Recent amendments to the Estonian Income Tax Act have a retroactive effect from July 1, 2017. Among the changes is a requirement for companies granting equity awards in Estonia to notify the Tax and Customs Board (TCB) of the grant of the awards within five business days of the acceptance of the award by the employee, unless the award agreement has been notarized or digitally signed (based on EU standards of digital signatures). At this stage, it is uncertain whether an electronic acceptance process through an intranet or broker website would qualify as a digital signature.

Of even greater concern is the impact of the notification requirement on the Fringe Benefit Tax (FBT) exemption. By way of background, any equity award granted to Estonian employees is subject to an employer-paid FBT at a rate of 66.25%. An exemption applies if the shares subject to an award may not be issued for a minimum three-year period from the grant date.

The notification requirement is an attempt by the TCB to monitor compliance with this three-year period, such that the three-year period will start only from the date the notification is filed with the TCB, or from the date the award agreement is notarized or digitally signed. This will significantly complicate reliance on the exemption because it will make it more difficult to track the three-year period (until now, it was understood that the three-year period could be measured from the grant date.)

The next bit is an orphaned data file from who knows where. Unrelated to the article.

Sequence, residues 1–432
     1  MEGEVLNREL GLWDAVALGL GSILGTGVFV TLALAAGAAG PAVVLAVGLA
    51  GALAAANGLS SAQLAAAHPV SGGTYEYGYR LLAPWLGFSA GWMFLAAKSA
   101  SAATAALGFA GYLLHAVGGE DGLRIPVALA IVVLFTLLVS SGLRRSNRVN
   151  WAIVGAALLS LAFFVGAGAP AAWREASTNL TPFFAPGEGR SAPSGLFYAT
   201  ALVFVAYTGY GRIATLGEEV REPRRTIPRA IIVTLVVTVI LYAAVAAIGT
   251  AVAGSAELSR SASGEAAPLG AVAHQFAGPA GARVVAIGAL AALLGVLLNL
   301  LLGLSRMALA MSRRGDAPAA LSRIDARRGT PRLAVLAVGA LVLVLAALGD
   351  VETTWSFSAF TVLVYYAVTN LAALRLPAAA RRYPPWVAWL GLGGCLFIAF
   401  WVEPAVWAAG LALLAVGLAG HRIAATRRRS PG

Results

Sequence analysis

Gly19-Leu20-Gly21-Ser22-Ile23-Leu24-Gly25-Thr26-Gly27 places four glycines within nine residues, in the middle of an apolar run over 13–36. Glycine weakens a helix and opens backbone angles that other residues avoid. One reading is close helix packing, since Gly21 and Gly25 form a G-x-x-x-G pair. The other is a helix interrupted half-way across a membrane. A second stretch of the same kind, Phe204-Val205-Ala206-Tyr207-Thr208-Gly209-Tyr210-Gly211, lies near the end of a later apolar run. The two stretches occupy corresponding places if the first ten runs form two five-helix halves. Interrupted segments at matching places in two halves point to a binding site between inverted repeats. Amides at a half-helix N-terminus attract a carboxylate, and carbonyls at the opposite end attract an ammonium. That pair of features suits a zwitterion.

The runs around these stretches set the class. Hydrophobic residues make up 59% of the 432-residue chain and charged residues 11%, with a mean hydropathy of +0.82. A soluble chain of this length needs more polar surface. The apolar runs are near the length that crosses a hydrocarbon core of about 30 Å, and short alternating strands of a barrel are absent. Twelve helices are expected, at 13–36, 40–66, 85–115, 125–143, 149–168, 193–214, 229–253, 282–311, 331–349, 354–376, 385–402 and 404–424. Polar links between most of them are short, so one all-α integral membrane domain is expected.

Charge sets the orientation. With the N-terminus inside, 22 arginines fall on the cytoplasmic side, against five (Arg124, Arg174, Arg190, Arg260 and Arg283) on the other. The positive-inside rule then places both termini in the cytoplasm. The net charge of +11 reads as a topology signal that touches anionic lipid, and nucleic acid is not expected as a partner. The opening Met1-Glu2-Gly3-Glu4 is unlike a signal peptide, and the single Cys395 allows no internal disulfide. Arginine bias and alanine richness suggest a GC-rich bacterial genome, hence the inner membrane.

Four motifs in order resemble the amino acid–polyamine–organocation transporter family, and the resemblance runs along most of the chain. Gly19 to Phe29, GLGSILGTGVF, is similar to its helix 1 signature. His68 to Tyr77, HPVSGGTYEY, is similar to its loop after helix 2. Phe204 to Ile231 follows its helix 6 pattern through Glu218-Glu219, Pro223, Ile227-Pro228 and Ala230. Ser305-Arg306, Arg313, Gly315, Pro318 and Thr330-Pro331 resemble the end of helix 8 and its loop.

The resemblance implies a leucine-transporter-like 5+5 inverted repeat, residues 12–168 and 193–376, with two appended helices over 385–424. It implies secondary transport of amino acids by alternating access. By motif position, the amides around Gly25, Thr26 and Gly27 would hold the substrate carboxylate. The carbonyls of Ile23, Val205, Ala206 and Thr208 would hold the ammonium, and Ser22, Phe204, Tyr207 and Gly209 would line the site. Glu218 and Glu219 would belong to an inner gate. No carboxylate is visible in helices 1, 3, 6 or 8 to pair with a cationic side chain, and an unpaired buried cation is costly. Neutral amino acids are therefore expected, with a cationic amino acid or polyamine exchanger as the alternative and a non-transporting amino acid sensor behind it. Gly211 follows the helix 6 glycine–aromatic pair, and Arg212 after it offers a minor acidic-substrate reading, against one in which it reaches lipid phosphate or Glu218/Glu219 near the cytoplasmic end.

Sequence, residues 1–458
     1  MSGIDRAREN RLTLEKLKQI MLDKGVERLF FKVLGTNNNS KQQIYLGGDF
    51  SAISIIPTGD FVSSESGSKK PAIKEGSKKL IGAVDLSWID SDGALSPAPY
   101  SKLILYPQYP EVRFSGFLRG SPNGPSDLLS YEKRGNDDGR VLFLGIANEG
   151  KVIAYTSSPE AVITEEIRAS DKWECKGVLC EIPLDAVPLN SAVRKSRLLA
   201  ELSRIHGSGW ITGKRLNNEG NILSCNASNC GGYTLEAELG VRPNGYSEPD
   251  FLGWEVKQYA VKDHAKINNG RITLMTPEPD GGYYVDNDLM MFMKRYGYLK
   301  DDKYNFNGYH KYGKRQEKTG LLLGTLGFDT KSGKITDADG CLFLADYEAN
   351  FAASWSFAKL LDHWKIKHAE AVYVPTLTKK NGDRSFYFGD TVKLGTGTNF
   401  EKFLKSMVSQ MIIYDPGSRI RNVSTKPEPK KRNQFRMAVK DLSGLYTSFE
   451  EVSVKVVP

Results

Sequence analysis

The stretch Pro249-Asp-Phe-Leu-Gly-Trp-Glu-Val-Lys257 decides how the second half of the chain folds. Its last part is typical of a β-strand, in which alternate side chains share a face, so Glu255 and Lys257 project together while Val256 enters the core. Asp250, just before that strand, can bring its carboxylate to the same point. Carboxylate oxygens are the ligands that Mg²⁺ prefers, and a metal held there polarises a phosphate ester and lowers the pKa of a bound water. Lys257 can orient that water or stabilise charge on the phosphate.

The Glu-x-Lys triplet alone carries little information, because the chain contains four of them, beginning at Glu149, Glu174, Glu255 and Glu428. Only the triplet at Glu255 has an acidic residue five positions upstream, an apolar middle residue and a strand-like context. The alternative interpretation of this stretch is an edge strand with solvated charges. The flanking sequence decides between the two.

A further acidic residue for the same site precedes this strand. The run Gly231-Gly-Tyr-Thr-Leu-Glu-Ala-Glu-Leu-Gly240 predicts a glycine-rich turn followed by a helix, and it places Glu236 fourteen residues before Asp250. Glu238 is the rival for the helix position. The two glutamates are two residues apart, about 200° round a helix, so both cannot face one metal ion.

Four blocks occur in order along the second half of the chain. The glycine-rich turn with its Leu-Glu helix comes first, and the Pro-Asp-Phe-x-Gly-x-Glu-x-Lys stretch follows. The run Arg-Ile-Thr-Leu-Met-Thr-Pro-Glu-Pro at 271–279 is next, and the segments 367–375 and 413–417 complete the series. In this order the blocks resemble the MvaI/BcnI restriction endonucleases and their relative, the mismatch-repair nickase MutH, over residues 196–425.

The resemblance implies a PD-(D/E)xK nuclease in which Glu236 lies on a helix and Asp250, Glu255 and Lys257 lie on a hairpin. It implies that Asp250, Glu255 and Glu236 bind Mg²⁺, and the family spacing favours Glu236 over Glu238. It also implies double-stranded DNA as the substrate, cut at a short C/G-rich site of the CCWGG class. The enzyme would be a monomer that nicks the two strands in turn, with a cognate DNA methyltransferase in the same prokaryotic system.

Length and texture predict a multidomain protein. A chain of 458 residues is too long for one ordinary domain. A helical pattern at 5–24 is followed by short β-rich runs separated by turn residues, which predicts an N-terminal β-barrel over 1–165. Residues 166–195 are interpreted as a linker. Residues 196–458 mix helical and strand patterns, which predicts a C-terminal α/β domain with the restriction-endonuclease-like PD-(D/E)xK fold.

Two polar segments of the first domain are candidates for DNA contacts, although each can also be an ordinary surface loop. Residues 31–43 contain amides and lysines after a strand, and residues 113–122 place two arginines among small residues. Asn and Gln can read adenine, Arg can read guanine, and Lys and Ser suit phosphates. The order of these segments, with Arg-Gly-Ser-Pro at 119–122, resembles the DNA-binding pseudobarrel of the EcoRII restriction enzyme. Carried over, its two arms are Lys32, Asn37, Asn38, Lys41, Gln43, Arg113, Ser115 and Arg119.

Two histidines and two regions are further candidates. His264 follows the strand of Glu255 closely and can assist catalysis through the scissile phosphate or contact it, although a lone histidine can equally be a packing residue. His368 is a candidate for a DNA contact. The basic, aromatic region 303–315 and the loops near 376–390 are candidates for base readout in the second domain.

It should be noted that the notification requirement may not be relevant for companies granting equity awards in Estonia but not relying on the FBT exemption. In better news, the amendments also provide that, if shares are issued before the expiration of the three-year period in the context of a merger in which 100% of the shares of the issuing company are sold, only a portion of the award income will be subject to FBT. Similarly, if an employee dies or terminates due to disability and receives shares pursuant to the award at termination (e.g., upon acceleration of RSUs) before the expiration of the three-year period, only a portion of the income will be subject to FBT.